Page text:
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Learing the modern lingo

In a recent on-line article on leadership, the author wielded words like Xerox subsidy, adminisphere, and salmon day. Another piece on American culture included acronyms, WOOF, SMUM, DINK, without explanation, as if any random idiot would recognize them.

I consulted my Webster. Unfortunately, even though he used to know it all, he doesn't have a clue anymore.

After writing a long list of unfamiliar internet words and what I thought they meant, I scoured the WWW for definitions. Just for fun, I compiled this little quiz using my errant guesses and the true meanings.

Are you wordly wise, or do you, like me, suffer wordly woes. Take my test on modern vocabulary to find out:

1. Ringxiety (n.):

a. An intense and uncontrollable fear of commitment.

b. A phobia of bells.

c. An ailment common among circus performers.

d. In a crowd, trepidation over not knowing whose cell phone rang.

2. Cryovacking (v.):

a. Removing crying youngsters from a crowded restaurant.

b. Vacuuming in cold weather.

c. Preserving dead bodies for future animation by vacuum-packing and then freezing them.

d. Cooking vacuum-packed food by slowly warming it in water.

3. Guyliner (n.):

a. Phrases single women say to meet men.

b. Phrases single men say to meet women.

c. Phrases single men say to meet men.

d. Eyeliner designed for and used by men.

4. Cankles (n.):

a. Mouth sores.

b. The obstetrical term for the sounds newborn babies make.

c. A type of candy similar to skittles.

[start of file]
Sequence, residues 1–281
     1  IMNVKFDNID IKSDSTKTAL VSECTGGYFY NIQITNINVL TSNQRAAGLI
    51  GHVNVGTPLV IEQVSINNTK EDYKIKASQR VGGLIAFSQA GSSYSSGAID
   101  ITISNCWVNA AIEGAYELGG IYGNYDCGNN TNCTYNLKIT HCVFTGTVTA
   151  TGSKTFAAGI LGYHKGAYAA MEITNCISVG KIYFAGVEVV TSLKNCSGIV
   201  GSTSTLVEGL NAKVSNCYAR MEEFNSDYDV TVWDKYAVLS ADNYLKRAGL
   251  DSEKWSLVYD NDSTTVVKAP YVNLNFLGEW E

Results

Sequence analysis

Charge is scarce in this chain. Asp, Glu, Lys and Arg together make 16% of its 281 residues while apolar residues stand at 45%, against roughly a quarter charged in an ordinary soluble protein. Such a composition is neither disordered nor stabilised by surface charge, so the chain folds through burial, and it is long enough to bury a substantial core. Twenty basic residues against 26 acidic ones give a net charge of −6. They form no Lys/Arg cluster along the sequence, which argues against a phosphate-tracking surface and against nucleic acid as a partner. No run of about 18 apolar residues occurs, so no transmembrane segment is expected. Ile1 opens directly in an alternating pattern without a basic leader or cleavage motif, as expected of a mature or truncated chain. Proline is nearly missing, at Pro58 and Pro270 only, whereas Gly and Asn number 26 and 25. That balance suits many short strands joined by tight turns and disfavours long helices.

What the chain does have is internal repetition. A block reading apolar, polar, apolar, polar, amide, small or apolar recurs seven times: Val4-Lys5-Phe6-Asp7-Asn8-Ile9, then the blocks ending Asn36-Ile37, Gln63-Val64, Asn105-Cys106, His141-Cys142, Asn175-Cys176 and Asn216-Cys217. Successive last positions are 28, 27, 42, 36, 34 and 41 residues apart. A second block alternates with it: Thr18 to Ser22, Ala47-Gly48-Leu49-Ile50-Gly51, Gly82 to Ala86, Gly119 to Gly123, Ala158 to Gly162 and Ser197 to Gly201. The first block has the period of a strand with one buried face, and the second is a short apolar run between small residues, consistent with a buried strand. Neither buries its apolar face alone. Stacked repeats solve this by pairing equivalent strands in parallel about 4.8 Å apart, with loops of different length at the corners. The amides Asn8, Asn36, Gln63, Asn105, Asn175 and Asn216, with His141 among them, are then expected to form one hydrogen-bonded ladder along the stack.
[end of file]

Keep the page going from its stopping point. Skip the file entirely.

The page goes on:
d. Another name for tree-trunk legs.

5. Face-blind (n.):

a. The piece of fabric that covers the face of Muslim women.

b. A roll down brim on a hat, designed to block the sun.

c. A strategy for boxing-out opponent players in soccer.

d. An inability to recognize faces.

6. Banana fold (n.):

a. An origami technique.

b. The place on the banana peel where it laps over itself when loosened from the fruit.

c. A banana tree farm and all the people living there.

d. Excess fat below the butt.

7. Feature fatigue (n.):

a. A condition suffered by beauty pageant contestants.

b. What happens to hot, prime-time television shows after running several seasons.

c. The proper diagnosis, required by insurance companies, to justify the medical necessity of plastic surgery.

d. Mental exhaustion caused by products that come with too many functions and buttons.

8. Dirt pill (n.):

a. What a person takes when getting a dose of her own medicine.

b. A new, suburban housewife way of condensing gossip for easier dissemination.

c. The latest trend in birthday-party treats for preschoolers.

d. A pill designed to stimulate the immune systems of children with allergies.

9. Muffin top (n.):

a. A Dorothy Hammill haircut.

b. The dust cloud that hangs over the top of an erupting volcano.

c. An umbrella that won't turn inside out in the wind.

d. Belly fat that flops over the top of low-rise jeans.

10. Swipeout (n.):

a. A method of stealing merchandise.

b. The gang term for a hit.

c. An overdraft caused by using an ATM card recklessly.

d. A credit card with the magnetic strip worn out.

(All answers are d. Give yourself 2,458,719 points for each correct answer. If you got 2,458,719 points, or more, you're one hip dude, and you're probably spending too much time in chatrooms or the employee lounge. If you didn't know any, then scratch your grundle, fix your wings, quit your newsfasting, and ask the nearest freshmore what percussive maintenance means.)

Web posted on Thursday, October 05, 2006

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